Judging by the name of the product, one might be inclined to think that drinking the product neutralizes the effects of booze, allowing one to drink limitless amounts of liquor without ever getting drunk or suffering from a hangover the following morning. One might even think that the consumption of the product served as an inoculation against alcoholism.
Unfortunately, it does no such thing. At best, it might slightly reduce one's BAC (blood alcohol content). But the company's own website states that an independent European study showed that the product "did not reduce intoxication".
In a Chicago Reader ad, it states that Alcohol Killer "may help to eliminate the unfavorable effects of alcohol, as well as a hangover." What makes the ad noteworthy is its use of hedge words ("may" and "help"), which are clearly designed to make the company exempt from liability in any legal cases involving claims regarding the efficacy of the product. If the produce really "killed" alcohol, such hedge words wouldn't be needed, now would they?
I also love the way that the statement subtly implies (through the use of the phrase "as well as") that a hangover is not an unfavorable effect. I think that most people who've suffered from hangovers would beg to differ.
I have a suggestion for people who are looking for ways to eliminate hangovers and other unfavorable effects of alcohol consumption: DON'T CONSUME ALCOHOL!!! Duh.
It's not as if there is a shortage of delicious beverages which have no alcohol whatsoever. Personally, I'm partial to fruit juice and gourmet coffee.
Mormons might object to my consumption of coffee and tea and cola, but I've never heard about anyone dying behind the wheel or beating his wife and kids or suffering from delirium tremens as the result of drinking too many caffeinated beverages. I suppose that it's theoretically possible that a person who was sufficiently "wired" from caffeine could do one or more of those things, but it's a remote possibility at best. There's nothing remote about the harmful effects of alcohol abuse. Just ask an ER physician or nurse, if you don't believe me.
Short of total abstinence, the next best option would be to resolve that one would never under any circumstances continue to drink alcoholic beverages past the point where one first began to notice any kind of a "buzz" whatsoever.
But that, of course, would require a measure of self control. Americans aren't into self control. They'd rather think that they can make stupid choices and then buy and use additional products which will negate the effects of their stupidity.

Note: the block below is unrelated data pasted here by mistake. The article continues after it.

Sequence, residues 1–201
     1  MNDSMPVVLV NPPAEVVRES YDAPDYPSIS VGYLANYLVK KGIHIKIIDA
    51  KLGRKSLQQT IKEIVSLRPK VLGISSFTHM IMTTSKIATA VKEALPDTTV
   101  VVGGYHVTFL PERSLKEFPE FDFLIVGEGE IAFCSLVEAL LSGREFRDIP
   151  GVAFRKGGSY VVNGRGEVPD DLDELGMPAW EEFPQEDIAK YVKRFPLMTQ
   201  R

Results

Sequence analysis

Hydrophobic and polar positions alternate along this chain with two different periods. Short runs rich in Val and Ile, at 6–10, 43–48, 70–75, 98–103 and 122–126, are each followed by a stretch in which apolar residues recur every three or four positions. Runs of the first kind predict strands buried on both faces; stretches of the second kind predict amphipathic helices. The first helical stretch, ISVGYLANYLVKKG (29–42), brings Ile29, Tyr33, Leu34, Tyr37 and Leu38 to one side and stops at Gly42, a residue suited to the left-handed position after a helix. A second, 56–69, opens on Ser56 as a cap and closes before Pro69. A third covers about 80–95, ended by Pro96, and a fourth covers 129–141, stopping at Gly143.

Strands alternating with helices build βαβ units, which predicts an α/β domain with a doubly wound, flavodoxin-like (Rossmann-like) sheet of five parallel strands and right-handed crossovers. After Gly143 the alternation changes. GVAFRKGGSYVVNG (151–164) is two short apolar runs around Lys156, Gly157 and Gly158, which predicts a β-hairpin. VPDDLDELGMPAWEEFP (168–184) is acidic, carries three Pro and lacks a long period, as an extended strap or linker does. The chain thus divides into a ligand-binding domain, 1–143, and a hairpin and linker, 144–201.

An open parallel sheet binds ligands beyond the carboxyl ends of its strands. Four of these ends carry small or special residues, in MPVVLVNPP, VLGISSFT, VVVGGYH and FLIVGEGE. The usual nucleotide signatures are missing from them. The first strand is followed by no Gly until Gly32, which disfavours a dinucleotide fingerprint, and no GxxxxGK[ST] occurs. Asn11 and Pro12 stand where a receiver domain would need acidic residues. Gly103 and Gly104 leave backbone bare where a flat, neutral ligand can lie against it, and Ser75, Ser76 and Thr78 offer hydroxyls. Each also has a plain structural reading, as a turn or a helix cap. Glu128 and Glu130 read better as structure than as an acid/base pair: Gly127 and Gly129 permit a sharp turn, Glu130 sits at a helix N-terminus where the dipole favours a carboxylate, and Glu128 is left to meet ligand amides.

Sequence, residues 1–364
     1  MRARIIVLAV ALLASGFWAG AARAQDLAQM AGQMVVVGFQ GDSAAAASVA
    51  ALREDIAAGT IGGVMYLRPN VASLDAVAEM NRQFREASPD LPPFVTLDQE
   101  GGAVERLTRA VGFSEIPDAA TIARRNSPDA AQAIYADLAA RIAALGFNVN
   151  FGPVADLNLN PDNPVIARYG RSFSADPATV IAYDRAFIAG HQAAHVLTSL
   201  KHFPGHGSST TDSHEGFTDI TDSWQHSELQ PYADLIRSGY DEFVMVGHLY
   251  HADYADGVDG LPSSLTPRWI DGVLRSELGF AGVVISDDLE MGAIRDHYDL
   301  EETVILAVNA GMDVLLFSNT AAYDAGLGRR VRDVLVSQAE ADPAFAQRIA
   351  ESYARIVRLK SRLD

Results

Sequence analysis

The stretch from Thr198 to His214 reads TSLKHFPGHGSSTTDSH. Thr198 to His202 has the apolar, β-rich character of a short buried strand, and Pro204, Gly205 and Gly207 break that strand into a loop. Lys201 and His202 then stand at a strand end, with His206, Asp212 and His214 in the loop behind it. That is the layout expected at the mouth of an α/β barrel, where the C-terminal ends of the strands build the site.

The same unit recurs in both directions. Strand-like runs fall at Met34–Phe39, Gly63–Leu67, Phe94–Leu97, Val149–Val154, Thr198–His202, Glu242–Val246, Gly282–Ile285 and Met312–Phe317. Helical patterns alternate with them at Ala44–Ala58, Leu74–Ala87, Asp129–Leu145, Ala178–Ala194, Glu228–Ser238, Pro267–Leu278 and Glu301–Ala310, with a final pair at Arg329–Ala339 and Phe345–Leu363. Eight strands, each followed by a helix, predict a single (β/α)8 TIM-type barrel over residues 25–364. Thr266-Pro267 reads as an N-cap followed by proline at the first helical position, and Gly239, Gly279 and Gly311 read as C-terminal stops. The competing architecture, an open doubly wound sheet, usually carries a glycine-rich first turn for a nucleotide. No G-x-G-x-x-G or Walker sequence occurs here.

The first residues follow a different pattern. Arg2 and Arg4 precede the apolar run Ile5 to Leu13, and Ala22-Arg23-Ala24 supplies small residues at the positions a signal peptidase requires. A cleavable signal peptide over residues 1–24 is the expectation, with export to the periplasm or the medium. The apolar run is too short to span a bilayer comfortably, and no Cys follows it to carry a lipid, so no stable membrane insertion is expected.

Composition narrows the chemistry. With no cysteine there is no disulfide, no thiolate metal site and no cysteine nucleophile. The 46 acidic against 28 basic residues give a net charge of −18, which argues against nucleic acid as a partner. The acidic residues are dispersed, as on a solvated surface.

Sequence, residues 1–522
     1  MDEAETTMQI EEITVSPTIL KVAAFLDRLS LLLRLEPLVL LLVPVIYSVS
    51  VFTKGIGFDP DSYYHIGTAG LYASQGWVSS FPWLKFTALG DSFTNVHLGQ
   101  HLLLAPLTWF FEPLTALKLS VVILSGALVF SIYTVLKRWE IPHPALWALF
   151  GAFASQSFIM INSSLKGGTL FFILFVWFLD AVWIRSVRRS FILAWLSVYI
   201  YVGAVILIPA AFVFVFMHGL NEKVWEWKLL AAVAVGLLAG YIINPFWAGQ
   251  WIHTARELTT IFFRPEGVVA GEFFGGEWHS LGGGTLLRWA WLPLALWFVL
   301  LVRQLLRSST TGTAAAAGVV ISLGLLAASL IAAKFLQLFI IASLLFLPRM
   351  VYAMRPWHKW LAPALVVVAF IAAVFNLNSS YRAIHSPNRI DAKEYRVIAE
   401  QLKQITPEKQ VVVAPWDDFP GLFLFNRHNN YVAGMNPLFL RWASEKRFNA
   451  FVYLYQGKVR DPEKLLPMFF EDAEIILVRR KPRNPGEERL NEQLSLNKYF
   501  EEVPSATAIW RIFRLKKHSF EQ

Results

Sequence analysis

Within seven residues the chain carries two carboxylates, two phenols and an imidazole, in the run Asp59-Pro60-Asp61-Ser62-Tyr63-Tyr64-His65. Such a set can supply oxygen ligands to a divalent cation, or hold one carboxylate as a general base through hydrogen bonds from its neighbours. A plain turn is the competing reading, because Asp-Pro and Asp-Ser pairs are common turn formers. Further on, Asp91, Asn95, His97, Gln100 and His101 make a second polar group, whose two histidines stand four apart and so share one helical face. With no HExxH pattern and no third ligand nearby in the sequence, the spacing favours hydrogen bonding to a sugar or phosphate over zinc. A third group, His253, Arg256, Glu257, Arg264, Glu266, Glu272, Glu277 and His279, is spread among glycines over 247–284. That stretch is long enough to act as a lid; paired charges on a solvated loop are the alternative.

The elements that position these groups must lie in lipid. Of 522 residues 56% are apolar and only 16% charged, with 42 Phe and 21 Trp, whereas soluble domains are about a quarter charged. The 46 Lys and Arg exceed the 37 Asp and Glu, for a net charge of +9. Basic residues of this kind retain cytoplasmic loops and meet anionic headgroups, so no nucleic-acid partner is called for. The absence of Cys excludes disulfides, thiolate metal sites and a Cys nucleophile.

The trouble with a product like Alcohol Killer is that most of the people who buy it and drink it won't bother to read the fine print. They'll see it as a license to drink even more than they normally drink. Consequently, whatever positive effects the beverage might bring in terms of reduction of BAC will be more than offset by the fact that it will encourage people to drink to excess.
The manufacturers of Alcohol Killer seem to assume that people who drink only do it for the great taste of the booze. They seem to assume that such people don't really want to get drunk. There may be some cases in which that's true, but there are a lot of other cases in which it's demonstrably false.
Let's be honest. Some alcoholic beverages taste pleasant, but there are others which taste more or less like turpentine. People put up with the nasty taste (or gradually get used to it) only because they desire the buzz they can get by drinking the stuff. It's very similar to smoking in that respect.
Bartenders are sure to love Alcohol Killer. They can sell even more booze, and then deny responsibility for the tragic consequences of their sales transactions.
As the son of a man who was an alcoholic when he died in 1999, I have personally experienced the destructive effects of alcohol abuse. And I can say with unequivocal certainty that Alcohol Killer is not the answer to the problem. The answer, rather is to follow the advice offered by the Bible, in Ephesians 5:18:
Do not get drunk on wine, which leads to debauchery. Instead, be filled with the Spirit.